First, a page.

Peter was an inspiration. I was in UCD in the early 1980s when he, COG and BMW were at their prime. I also crossed paths with him in Queen’s Ontario where he was welcomed as a leading light of the profession. He was a great conversationalist over lunches in the UCD staff canteen and I remember several heated discussions about politics and social developments between himself and other UCD characters like Sean Murray, Rodney Thom and Cormac O’Grada. In retrospect, he spoke a lot of truth on these difficult subjects and was ahead of his time. Very sad on hearing of his recent illness and sudden passing. His kind are extremely rare.

I worked as Dept Administrator at the UCD Dept of Economics with Prof Peter Neary in the early 1990s. All these years later, I can still remember the interview he chaired for that appointment and particularly his very sharp intellect. That same intellect was evident throughout all my time in the Economics Dept. I was very saddened to hear of his passing. May he rest in peace.

I would like to add my comments to those above regarding Peter Neary and his contribution to economics in Ireland.

Along with Mark Wynne, I was in that UCD undergraduate class in 1980-81 when Peter arrived and the Masters class for 1981-82. Peter lectured in macroeconomics to both groups and also in trade. None of those courses had a textbook, mainly because so much of the material was original and hot off the press. The macro courses dealt with how the neoclassical synthesis had broken down in the 1970s and looked at the two main developments which at that time had arisen to replace it: the new Keynesian disequilibrium models and the New Classical models based on price clearing and rational expectations. These were tour de force courses which covered an incredible amount of material in a short time, yet without sacrificing depth. Needless to say the trade courses were also of a very high standard and in the graduate course Peter gave an early version of his work on the Dutch Disease which was to become his most cited paper (at the time there were realistic hopes that oil would be discovered off the south coast of Ireland so the material was highly relevant!). The smart move in those days was simply to take whatever courses Peter was offering.

I followed Peter’s path of research assistant in the ESRI and then graduate study at Nuffield College, Oxford, although I took a five year break after the coursework so that I eventually wrote my thesis under his supervision at UCD. He was a excellent supervisor, demanding and rigorous yet never unreasonable and always accessible. Meetings were held regularly and written work had to be submitted in advance. This would be returned before the meeting with extensive comments in red (Peter never lost his love for coloured pens!). Too much red could presage trouble, but too little red was not a good sign either, as it meant he had found little to stimulate him. In the second part of my thesis I was looking at the implications of different consumer models for tax reform results, and here Peter was in his element. As evidenced by his more recent work in trade and also index numbers, he was simply very, very good at tricks with utility functions.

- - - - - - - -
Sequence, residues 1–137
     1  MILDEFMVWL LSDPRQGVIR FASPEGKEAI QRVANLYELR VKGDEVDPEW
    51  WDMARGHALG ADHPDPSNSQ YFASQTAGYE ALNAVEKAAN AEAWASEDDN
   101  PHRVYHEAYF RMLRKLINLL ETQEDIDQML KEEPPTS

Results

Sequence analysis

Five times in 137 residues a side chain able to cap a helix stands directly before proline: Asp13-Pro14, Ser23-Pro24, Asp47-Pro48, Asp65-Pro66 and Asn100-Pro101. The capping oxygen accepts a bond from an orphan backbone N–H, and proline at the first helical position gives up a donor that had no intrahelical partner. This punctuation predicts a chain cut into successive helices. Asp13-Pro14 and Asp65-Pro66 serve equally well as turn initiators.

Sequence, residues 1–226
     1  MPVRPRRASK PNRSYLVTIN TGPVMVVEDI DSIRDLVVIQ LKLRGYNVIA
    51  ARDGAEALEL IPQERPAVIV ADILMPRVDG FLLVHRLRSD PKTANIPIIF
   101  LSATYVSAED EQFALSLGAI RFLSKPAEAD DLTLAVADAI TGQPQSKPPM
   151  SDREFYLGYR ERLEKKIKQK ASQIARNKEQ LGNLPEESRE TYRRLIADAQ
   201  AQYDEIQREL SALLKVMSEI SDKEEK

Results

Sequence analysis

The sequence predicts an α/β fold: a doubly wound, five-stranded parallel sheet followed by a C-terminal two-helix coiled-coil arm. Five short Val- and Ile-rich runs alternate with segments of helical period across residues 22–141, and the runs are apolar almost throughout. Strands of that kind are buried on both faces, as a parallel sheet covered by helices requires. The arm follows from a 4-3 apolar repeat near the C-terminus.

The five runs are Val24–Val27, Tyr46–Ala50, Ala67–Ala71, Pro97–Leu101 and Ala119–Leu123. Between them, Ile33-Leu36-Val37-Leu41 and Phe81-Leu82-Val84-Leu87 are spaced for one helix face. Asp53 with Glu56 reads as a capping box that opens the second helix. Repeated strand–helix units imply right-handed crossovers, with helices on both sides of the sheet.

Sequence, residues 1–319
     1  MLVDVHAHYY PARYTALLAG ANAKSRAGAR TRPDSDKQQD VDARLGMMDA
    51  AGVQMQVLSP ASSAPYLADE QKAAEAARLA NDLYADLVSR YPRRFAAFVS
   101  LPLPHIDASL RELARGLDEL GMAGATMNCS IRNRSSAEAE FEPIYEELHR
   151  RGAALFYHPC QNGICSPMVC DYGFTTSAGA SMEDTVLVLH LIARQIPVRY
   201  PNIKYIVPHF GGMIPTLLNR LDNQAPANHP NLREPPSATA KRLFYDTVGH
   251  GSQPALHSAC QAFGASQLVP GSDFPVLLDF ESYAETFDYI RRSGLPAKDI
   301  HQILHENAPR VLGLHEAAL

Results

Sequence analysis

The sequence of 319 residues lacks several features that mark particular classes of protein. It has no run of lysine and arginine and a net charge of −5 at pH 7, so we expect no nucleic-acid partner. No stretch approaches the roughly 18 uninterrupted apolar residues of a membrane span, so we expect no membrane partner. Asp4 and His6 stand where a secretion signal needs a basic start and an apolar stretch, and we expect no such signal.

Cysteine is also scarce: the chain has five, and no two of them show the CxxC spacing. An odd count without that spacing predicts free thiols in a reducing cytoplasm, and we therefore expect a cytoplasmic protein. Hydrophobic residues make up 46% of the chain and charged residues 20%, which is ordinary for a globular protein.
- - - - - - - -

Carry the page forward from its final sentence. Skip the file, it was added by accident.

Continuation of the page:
I was also lecturing in UCD at this time and shared a large first year class (over 800 students!) with Peter. Echoing what John FitzGerald says above, I was hugely impressed with his dedication and professionalism in preparing this course. He put in every bit as much effort as he would have for an advanced graduate class. I’m open to correction on this, but my impression is that while at UCD Peter mainly lectured to either large first year classes or small specialised advanced undergraduate/graduate groups. He seemed to do little enough teaching at intermediate level, and I think teaching at either ends of the spectrum, so to speak, probably was the best way to use his talents.

To conclude, perhaps the principle theme that has come through all the comments and memories regarding Peter in recent times has been the huge and overwhelmingly positive influence he had on people who worked with him and on the economics profession in Ireland in general. Certainly he was the biggest influence on my career and even to this today, when confronted with a professional issue my first instinct is: what would Peter think? As Patrick Honohan and others have rightly pointed out, he was not the only talented and committed academic economist in Ireland in the last forty years or so but in my humble opinion he was the best and it was a privilege to know and work with him.